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Postgraduate Education Corner: CONTEMPORARY REVIEWS IN CRITICAL CARE MEDICINE |

Acute Management of Atrial Fibrillation

Chee W. Khoo, MRCP; Gregory Y. H. Lip, MD, FRCP; for the Danish Investigations of Arrhythmia and Mortality ON Dofetilide Study Group; for the Azimilide Supraventricular Arrhythmia Program (ASAP) Investigators; for the A-COMET-2 Investigators; for the A-STAR Investigators; for the EURIDIS and ADONIS Investigators; ACUTE II Steering and Publications Committee for the ACUTE II Investigators
Author and Funding Information

*From University Department of Medicine, City Hospital, Birmingham, UK.

Correspondence to: Gregory Y. H. Lip, MD, University Department of Medicine, City Hospital, Birmingham B187QH, UK; e-mail: g.y.h.lip@bham.ac.uk


The authors have no conflicts of interest to disclose. Dr. Lipp was previously Clinical Advisor to the Guideline Development Group, which wrote the UK National Institute for Health and Clinical Excellence (NICE) Guidelines for Atrial Fibrillation Management.

Reproduction of this article is prohibited without written permission from the American College of Chest Physicians (www.chestjournal.org/misc/reprints.shtml).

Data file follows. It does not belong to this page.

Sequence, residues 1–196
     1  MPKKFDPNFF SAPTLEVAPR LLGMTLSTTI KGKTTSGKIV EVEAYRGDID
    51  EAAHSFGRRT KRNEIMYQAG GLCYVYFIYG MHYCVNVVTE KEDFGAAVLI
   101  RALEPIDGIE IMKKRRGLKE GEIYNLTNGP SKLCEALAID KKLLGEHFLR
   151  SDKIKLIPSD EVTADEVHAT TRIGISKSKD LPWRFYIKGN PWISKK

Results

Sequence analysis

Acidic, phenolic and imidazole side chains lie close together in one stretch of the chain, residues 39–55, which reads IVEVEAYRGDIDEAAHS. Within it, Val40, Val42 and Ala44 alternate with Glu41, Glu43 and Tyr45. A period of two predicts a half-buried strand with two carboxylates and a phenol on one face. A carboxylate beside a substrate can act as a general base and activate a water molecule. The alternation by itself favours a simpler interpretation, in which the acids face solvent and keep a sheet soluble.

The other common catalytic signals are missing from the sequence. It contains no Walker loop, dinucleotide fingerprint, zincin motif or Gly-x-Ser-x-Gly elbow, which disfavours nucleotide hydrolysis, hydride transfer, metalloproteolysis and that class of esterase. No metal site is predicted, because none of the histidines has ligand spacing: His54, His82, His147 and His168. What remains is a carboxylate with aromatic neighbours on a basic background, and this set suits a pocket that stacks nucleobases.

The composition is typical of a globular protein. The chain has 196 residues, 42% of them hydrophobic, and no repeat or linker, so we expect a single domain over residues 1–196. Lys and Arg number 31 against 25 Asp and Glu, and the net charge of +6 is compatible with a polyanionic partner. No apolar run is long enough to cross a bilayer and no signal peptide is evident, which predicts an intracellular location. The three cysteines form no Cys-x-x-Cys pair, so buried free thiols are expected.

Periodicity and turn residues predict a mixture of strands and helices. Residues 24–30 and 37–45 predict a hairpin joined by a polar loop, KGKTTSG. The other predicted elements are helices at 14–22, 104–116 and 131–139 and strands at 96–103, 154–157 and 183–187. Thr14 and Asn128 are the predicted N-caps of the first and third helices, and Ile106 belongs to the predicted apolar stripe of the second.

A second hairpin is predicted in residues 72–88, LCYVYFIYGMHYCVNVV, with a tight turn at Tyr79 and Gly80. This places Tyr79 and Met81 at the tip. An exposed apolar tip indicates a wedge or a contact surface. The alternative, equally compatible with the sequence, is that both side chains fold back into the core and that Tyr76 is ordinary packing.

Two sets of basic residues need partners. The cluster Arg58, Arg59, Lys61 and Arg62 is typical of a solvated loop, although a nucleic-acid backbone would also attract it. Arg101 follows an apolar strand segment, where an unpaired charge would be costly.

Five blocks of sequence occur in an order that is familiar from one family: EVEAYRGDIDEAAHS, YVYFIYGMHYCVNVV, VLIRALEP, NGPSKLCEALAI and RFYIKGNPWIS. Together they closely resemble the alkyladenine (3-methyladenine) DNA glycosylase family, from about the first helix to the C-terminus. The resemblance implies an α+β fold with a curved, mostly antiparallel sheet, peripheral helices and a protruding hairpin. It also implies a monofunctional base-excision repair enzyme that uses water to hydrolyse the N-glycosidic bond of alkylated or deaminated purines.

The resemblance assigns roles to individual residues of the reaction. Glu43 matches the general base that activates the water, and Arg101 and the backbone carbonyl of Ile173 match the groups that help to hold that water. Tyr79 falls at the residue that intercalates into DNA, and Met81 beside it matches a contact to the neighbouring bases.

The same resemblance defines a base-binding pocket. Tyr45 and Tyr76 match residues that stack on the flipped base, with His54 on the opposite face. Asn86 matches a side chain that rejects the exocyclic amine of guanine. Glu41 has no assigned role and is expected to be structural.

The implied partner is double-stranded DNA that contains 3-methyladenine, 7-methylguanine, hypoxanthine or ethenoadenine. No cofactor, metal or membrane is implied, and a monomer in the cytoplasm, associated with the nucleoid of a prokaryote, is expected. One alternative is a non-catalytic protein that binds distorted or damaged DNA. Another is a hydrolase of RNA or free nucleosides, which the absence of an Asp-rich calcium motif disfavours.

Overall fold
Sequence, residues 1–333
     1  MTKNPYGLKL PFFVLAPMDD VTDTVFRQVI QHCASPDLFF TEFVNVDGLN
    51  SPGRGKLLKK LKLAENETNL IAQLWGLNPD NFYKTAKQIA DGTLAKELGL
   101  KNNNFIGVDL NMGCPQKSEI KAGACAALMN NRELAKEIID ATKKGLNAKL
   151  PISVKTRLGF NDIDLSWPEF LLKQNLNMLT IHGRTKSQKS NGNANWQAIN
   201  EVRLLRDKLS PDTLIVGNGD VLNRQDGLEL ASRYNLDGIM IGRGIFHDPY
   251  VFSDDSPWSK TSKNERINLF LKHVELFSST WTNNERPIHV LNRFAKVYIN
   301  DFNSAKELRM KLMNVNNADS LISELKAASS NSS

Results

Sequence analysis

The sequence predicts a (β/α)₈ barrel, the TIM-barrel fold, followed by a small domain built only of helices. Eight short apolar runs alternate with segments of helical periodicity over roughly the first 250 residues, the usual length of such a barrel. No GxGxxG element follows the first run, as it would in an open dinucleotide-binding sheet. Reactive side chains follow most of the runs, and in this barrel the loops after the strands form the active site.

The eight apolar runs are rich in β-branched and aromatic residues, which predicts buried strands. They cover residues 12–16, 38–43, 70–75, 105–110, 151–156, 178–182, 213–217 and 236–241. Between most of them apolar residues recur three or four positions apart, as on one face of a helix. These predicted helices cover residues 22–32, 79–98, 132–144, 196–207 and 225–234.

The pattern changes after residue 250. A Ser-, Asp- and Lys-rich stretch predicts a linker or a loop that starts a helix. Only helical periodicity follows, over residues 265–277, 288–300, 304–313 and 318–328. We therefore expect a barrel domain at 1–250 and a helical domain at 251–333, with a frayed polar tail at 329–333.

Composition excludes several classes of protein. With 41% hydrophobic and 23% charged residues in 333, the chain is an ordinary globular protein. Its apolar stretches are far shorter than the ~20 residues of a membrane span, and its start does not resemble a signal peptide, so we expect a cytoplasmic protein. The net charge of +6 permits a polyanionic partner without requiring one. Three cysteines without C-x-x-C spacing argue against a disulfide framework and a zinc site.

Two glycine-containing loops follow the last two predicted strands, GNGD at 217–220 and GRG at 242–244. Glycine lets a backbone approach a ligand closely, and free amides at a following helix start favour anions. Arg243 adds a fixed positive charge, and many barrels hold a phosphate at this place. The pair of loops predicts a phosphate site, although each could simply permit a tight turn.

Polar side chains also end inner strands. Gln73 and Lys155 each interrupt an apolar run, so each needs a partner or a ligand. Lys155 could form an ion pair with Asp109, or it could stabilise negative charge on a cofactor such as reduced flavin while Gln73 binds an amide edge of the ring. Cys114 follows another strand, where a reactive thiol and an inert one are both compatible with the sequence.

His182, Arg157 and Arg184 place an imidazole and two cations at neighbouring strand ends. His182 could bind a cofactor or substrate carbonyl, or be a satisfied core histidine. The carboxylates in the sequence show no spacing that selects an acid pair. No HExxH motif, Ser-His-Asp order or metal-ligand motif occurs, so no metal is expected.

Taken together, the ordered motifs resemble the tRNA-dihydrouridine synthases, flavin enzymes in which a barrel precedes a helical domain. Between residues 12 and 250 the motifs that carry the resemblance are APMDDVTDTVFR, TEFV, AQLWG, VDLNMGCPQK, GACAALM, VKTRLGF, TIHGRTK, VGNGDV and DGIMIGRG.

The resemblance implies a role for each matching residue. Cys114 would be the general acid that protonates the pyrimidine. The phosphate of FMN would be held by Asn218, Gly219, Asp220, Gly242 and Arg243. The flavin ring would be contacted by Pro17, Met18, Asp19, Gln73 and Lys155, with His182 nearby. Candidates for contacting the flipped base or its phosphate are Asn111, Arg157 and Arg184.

Chest. 2009;135(3):849-859. doi:10.1378/chest.08-2183
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Acute atrial fibrillation (AF) is the most common cardiac rhythm encountered in clinical practice and is commonly seen in acutely ill patients in critical care. In the latter setting, AF may have two main clinical sequelae: (1) haemodynamic instability and (2) thromboembolism. The approach to the management of AF can broadly be divided into a rate control strategy or a rhythm control strategy, and is largely driven by symptom assessment and functional status. A crucial part of AF management requires the appropriate use of thromboprophylaxis. In patients who are haemodynamically unstable with AF, urgent direct current cardioversion should be considered. Apart from electrical cardioversion, drugs are commonly used, and Class I (flecainide, propafenone) and Class III (amiodarone) antiarrhythmic drugs are more likely to revert AF to sinus rhythm. Beta blockers and rate limiting calcium blockers, as well as digoxin, are often used in controlling heart rate in patients with acute onset AF. The aim of this review article is to provide an overview of the management of AF in the critical care setting.

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